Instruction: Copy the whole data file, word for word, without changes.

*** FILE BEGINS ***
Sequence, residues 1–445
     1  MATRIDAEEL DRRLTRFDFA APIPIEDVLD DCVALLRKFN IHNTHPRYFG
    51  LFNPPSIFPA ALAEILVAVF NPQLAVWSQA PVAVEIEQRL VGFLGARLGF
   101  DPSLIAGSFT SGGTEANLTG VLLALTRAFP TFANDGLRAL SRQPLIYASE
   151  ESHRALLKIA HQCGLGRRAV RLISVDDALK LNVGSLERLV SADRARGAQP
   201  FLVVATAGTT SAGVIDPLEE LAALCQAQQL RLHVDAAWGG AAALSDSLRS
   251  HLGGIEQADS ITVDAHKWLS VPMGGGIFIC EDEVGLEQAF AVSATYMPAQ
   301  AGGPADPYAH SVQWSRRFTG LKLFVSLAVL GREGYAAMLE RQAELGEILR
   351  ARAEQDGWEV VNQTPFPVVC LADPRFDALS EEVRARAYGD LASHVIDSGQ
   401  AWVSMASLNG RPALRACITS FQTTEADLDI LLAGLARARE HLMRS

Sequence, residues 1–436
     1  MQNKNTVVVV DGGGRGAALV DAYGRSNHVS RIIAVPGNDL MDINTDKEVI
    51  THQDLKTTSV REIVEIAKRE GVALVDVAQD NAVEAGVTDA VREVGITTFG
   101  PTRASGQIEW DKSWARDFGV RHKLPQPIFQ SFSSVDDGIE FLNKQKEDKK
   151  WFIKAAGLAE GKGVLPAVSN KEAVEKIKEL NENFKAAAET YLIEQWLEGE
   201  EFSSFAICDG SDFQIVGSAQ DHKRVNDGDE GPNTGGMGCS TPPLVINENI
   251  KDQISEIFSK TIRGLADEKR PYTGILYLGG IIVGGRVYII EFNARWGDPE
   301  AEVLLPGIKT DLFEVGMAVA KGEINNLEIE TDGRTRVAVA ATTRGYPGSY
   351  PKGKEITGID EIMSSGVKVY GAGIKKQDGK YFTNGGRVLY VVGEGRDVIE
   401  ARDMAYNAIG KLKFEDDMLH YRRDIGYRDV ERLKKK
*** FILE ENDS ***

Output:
Sequence, residues 1–445
     1  MATRIDAEEL DRRLTRFDFA APIPIEDVLD DCVALLRKFN IHNTHPRYFG
    51  LFNPPSIFPA ALAEILVAVF NPQLAVWSQA PVAVEIEQRL VGFLGARLGF
   101  DPSLIAGSFT SGGTEANLTG VLLALTRAFP TFANDGLRAL SRQPLIYASE
   151  ESHRALLKIA HQCGLGRRAV RLISVDDALK LNVGSLERLV SADRARGAQP
   201  FLVVATAGTT SAGVIDPLEE LAALCQAQQL RLHVDAAWGG AAALSDSLRS
   251  HLGGIEQADS ITVDAHKWLS VPMGGGIFIC EDEVGLEQAF AVSATYMPAQ
   301  AGGPADPYAH SVQWSRRFTG LKLFVSLAVL GREGYAAMLE RQAELGEILR
   351  ARAEQDGWEV VNQTPFPVVC LADPRFDALS EEVRARAYGD LASHVIDSGQ
   401  AWVSMASLNG RPALRACITS FQTTEADLDI LLAGLARARE HLMRS

Sequence, residues 1–436
     1  MQNKNTVVVV DGGGRGAALV DAYGRSNHVS RIIAVPGNDL MDINTDKEVI
    51  THQDLKTTSV REIVEIAKRE GVALVDVAQD NAVEAGVTDA VREVGITTFG
   101  PTRASGQIEW DKSWARDFGV RHKLPQPIFQ SFSSVDDGIE FLNKQKEDKK
   151  WFIKAAGLAE GKGVLPAVSN KEAVEKIKEL NENFKAAAET YLIEQWLEGE
   201  EFSSFAICDG SDFQIVGSAQ DHKRVNDGDE GPNTGGMGCS TPPLVINENI
   251  KDQISEIFSK TIRGLADEKR PYTGILYLGG IIVGGRVYII EFNARWGDPE
   301  AEVLLPGIKT DLFEVGMAVA KGEINNLEIE TDGRTRVAVA ATTRGYPGSY
   351  PKGKEITGID EIMSSGVKVY GAGIKKQDGK YFTNGGRVLY VVGEGRDVIE
   401  ARDMAYNAIG KLKFEDDMLH YRRDIGYRDV ERLKKK